viernes, 16 de marzo de 2012


Metagenomics and the molecular identification of novel viruses
Nicholas Bexfield a,⇑, Paul Kellam b
a Department of Veterinary Medicine, University of Cambridge, Cambridge CB3 0ES, UK
b The Wellcome Trust Sanger Institute, Hinxton, Cambridge CB10 1SA, UK

a b s t r a c t
There have been rapid recent developments in establishing methods for identifying and characterising
viruses associated with animal and human diseases. These methodologies, commonly based on hybridisation
or PCR techniques, are combined with advanced sequencing techniques termed ‘next generation
sequencing’. Allied advances in data analysis, including the use of computational transcriptome subtraction,
have also impacted the field of viral pathogen discovery. This review details these molecular detection
techniques, discusses their application in viral discovery, and provides an overview of some of the
novel viruses discovered. The problems encountered in attributing disease causality to a newly identified
virus are also considered.
2010 Elsevier Ltd. All rights reserved.
Given that animal pathogens (in particular viruses) are considered
a significant source of emerging human infections (Cleaveland
et al., 2001), the identification and optimal characterisation of novel
organisms affecting both domestic and wild animal populations
is central to protecting both human and animal health. Recent outbreaks
of human infection caused by influenza H7N7 virus transmitted
from poultry (Koopmans et al., 2004) and H1N1 virus
transmitted from pigs (Dawood et al., 2009; Itoh et al., 2009) are
cases in point, highlighting the need for ongoing, vigilant epidemiological
surveillance of such pathogens in animal populations.
Moreover, epidemiological studies strongly suggest that novel
infectious agents remain to be discovered (Woolhouse et al.,
2008) and may be contributing to a host of cancers, autoimmune
disorders, and degenerative diseases in humans (Relman, 1999;
Dalton-Griffin and Kellam, 2009). Similar, yet-to-be-identified
viruses may be contributing to the pathogenesis of similar diseases
in animals.
Viruses can be identified by a wide range of techniques. Traditional
methods include electron microscopy, cell culture, inoculation
studies and serology (Storch, 2007). Whereas many of the
viruses known today were first identified by these techniques,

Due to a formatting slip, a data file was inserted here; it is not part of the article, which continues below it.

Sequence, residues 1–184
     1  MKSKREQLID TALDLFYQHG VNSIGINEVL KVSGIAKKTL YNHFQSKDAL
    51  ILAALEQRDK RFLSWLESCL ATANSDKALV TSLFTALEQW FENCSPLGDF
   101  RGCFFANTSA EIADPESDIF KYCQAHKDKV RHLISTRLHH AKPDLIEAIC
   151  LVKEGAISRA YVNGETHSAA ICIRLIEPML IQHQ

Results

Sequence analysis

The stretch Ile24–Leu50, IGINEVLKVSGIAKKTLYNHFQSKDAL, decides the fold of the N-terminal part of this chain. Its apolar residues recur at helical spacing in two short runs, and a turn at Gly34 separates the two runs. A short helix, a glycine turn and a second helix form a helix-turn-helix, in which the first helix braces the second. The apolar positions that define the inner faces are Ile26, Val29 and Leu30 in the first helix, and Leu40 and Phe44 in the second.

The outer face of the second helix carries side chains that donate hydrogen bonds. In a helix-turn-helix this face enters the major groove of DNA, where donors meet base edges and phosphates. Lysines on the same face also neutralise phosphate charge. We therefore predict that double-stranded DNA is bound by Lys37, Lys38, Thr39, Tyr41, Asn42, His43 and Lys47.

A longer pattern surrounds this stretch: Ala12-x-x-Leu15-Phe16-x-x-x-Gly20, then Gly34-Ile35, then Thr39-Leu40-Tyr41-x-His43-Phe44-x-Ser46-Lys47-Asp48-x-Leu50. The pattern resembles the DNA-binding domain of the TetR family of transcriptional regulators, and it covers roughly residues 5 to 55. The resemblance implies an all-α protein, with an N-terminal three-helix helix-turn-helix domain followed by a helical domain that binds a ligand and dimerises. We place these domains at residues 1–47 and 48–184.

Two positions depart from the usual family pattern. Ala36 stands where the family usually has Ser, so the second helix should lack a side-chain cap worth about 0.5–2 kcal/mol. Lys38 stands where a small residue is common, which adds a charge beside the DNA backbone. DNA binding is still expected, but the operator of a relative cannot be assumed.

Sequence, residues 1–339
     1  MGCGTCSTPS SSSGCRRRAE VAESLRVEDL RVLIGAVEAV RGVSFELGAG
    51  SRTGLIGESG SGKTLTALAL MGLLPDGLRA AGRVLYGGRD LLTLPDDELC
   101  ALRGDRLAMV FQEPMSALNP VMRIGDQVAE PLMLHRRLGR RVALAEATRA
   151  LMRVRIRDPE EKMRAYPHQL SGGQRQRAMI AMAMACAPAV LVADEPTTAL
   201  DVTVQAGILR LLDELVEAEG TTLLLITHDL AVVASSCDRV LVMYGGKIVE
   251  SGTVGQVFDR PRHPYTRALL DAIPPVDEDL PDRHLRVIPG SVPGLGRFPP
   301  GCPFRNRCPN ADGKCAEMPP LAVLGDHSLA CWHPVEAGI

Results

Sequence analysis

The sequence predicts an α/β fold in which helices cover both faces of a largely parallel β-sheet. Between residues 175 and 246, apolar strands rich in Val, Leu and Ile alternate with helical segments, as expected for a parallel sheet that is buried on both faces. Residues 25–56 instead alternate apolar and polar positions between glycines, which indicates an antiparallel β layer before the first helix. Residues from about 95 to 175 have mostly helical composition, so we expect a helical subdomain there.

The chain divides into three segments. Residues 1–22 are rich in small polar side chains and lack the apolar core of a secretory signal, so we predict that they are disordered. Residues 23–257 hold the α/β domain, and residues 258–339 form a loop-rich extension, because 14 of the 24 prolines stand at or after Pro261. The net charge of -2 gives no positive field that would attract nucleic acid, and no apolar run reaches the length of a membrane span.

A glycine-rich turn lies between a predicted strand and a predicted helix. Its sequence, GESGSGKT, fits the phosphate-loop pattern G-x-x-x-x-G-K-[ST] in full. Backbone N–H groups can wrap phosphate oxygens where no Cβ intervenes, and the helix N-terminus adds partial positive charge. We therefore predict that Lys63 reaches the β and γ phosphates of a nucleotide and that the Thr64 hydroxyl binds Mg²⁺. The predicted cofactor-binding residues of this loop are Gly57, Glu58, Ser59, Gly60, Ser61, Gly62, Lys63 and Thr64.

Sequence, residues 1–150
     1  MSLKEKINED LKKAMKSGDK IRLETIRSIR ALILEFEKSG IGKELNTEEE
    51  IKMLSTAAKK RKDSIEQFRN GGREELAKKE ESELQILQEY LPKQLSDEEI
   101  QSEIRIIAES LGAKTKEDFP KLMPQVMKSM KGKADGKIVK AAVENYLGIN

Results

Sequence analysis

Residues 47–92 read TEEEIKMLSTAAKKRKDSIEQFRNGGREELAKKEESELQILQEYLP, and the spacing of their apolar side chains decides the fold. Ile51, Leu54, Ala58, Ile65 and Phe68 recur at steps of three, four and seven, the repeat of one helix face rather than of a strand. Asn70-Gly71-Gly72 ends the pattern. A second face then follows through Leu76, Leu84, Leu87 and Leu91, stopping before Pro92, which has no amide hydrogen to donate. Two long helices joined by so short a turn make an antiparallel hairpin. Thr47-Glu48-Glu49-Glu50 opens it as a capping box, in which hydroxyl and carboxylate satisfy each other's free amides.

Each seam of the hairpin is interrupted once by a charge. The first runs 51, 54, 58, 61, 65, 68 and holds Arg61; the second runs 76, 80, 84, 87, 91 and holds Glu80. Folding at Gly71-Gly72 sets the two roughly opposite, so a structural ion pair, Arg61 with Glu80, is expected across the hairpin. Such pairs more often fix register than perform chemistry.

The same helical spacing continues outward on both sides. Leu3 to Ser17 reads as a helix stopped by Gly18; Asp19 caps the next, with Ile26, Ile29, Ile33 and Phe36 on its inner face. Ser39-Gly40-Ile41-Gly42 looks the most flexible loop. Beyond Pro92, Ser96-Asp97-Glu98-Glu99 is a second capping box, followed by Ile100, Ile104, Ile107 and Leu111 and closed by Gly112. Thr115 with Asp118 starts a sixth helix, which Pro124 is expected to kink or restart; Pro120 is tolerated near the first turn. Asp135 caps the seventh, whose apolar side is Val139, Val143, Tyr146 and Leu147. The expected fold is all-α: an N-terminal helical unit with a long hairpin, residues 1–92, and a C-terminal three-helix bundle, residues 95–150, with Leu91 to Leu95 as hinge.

the methods have limitations. For instance, many viruses cannot
be cultivated in the laboratory and can only be characterised by
molecular methods (Amann et al., 1995), and in recent years we
have seen the increasing use of these techniques in pathogen discovery
(Fig. 1).
One such approach uses sequence information from known
pathogens to identify related but undiscovered agents through
cross-hybridisation. Examples include microarray (Wang et al.,
2002) and subtractive (Lisitsyn et al., 1993) hybridisation-based
methods. Another advance has involved PCR amplification of the
pathogen genome, where there is complete knowledge of the pathogen
to be amplified (conventional PCR), or where this information
is limited (degenerate PCR). Other PCR methods such as
sequence-independent single primer amplification, degenerate
oligonucleotide primed PCR, random PCR and rolling circle amplification,
also have the capacity to detect completely novel pathogens.
Hybridisation and PCR-based methods are more effective if the
sample to be analysed is first enriched for virus, a process achieved
by removing host and other contaminating nucleic acids. The end
result of most hybridisation and PCR methods are amplified products
that require definitive identification by sequencing. Advances
in sequencing that have facilitated virus discovery include the arrival
of ‘next or second generation sequencing’, which can generate
very large amounts of sequence data.
Technological advances have also resulted in the development
of metagenomics, the culture-independent study of the collective
set of microbial populations (microbiome) in a sample by analysing
the sample’s nucleotide sequence content (Petrosino et al., 2009).
The different microorganisms constituting a microbiome can include
bacteria, fungi (mostly yeasts) and viruses. Examples of
microbiomes in mammalian biology include the microbial populations
inhabiting the human intestine or mucosal surfaces both in
health and disease.
To date, the study of the viral microbiome (virome) has been applied
to a range of biological and environmental samples including
human (Breitbart et al., 2003; Zhang et al., 2006; Finkbeiner et al.,
1090-0233/$ - see front matter 2010 Elsevier Ltd. All rights reserved.

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